Go for fresh positions with 1.f4
Is the Bird opening an audacious attempt by chess mavericks? Or a slightly offbeat way for White to get an advantage in today's hyper-engine-analyzed opening landscape? Can the Bird's be a way to disorient our opponents using a lesser-known opening? The Bird's is an opening for players who are free spirits, says reviewer Davide Nastasio. IM Lawrence Trent in his latest work addresses this need, covering all of Black's answers, and proudly finding new moves in old lines. If you are a club or a tournament player, searching for a surprise weapon, the Bird's can give a boost to your wins!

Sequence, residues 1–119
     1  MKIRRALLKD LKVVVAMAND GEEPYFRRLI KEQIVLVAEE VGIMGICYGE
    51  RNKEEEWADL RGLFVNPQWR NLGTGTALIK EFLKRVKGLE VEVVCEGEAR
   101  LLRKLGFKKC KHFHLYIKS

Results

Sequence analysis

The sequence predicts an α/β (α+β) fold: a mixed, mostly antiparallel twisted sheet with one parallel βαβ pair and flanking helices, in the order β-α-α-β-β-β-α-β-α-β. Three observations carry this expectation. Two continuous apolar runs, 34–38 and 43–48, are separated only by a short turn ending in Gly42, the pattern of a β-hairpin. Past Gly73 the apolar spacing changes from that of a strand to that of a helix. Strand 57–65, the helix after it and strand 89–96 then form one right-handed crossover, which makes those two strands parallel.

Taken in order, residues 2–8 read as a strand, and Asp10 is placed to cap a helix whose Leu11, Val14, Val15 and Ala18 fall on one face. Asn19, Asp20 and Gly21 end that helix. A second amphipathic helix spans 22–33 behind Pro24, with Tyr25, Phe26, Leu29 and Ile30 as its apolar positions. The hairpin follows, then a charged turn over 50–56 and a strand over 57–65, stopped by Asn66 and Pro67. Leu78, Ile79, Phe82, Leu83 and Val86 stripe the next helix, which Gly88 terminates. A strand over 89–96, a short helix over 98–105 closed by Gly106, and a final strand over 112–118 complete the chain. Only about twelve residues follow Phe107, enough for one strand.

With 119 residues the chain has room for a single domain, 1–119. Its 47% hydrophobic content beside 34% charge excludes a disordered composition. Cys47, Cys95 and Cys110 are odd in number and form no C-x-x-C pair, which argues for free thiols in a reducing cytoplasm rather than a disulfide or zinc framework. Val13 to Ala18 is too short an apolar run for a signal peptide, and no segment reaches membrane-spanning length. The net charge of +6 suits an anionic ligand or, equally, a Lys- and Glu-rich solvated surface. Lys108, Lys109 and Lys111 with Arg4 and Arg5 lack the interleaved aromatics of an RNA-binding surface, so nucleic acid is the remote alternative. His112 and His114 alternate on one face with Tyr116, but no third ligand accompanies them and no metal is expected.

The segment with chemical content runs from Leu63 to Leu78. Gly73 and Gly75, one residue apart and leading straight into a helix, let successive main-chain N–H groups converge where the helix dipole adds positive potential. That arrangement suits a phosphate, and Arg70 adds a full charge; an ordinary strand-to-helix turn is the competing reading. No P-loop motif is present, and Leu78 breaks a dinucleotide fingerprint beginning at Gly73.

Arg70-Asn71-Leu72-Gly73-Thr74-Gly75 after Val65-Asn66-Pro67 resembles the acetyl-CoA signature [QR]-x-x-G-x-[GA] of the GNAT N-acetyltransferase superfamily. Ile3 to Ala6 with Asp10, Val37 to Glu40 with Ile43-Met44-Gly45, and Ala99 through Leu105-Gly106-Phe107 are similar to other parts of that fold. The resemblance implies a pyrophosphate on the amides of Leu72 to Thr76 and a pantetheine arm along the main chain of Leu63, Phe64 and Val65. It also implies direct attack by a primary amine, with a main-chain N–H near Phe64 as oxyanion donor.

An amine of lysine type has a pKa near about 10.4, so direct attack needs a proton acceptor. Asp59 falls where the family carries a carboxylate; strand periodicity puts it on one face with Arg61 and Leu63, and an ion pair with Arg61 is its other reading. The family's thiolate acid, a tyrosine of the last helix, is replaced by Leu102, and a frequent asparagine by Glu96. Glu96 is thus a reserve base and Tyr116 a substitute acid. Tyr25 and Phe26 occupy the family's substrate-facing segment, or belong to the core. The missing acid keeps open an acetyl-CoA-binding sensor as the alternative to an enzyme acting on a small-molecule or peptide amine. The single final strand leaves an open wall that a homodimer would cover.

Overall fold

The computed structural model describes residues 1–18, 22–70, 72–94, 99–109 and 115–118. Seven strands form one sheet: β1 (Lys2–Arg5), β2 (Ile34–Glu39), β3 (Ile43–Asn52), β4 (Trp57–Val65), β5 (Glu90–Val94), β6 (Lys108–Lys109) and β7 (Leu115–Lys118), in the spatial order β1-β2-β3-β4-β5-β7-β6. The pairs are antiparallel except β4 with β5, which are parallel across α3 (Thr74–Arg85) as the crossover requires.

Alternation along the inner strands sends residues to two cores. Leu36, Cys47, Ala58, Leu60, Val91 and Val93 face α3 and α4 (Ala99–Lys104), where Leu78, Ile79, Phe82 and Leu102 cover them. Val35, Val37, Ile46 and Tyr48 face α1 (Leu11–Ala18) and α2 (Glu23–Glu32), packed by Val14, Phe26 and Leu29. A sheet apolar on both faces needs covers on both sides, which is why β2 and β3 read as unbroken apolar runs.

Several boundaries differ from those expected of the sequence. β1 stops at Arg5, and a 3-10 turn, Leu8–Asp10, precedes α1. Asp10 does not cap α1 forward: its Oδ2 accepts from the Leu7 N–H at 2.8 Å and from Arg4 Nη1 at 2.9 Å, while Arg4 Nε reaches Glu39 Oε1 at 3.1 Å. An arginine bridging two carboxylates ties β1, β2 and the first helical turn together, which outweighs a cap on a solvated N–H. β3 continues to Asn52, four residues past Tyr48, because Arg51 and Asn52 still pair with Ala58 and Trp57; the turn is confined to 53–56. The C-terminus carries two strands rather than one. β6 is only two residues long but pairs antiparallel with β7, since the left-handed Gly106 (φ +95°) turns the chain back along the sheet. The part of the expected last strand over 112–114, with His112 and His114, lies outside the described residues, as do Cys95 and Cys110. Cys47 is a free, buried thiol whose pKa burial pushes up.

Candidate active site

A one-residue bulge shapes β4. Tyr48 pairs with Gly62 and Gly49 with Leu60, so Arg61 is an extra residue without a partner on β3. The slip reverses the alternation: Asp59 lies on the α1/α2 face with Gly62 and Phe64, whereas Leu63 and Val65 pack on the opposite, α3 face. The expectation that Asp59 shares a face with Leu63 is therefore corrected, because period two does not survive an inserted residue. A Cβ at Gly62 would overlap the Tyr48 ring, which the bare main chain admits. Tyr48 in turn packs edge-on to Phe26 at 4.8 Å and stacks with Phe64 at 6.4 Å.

An energetic and exciting repertoire after 1.f4!
As an Italian transplant in Georgia (the state not the country), I didn't know the word 'bombastic', I went looking for it in the dictionary and discovered it came from the Latin word for cotton (bombax), or any kind of padding material. It seems, in turn, to have derived from the older Latin / ancient Greek word: "Bombyx" which meant silkworm or silk. And here we can relate the word used in the title of this new video series which runs "smooth like silk". [Ed - the other meaning is high sounding, pompous etc.]
Coming back from this etymological trip, to the opening named after British Master Henry Bird (pictured below)... I learned to play Bird's because of another bombastic chap: GM Simon Williams. He is a fanatic Classical Dutch player, sometimes going into a Stonewall Dutch depending on the needs of the position.